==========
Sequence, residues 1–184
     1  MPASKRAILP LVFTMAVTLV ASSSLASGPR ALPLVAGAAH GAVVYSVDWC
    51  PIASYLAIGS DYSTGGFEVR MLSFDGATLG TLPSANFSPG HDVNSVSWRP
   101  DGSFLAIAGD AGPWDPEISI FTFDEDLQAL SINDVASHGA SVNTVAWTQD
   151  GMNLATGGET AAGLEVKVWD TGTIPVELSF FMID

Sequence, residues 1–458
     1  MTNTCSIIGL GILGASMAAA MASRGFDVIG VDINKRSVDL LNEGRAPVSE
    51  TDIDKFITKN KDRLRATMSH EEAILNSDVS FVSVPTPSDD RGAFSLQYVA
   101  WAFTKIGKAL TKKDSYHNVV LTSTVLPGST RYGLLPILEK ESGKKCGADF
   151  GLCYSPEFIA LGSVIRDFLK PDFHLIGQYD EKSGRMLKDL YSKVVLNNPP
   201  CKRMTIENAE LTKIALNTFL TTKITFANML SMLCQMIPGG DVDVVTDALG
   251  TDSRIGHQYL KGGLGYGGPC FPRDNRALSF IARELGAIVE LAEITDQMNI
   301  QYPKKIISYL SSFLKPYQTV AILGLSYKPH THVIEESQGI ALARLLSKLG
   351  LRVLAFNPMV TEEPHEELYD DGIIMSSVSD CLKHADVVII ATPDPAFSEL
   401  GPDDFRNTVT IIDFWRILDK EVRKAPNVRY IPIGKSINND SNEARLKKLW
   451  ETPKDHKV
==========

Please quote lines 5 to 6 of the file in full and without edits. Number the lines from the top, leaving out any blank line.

   151  GMNLATGGET AAGLEVKVWD TGTIPVELSF FMID

Sequence, residues 1–458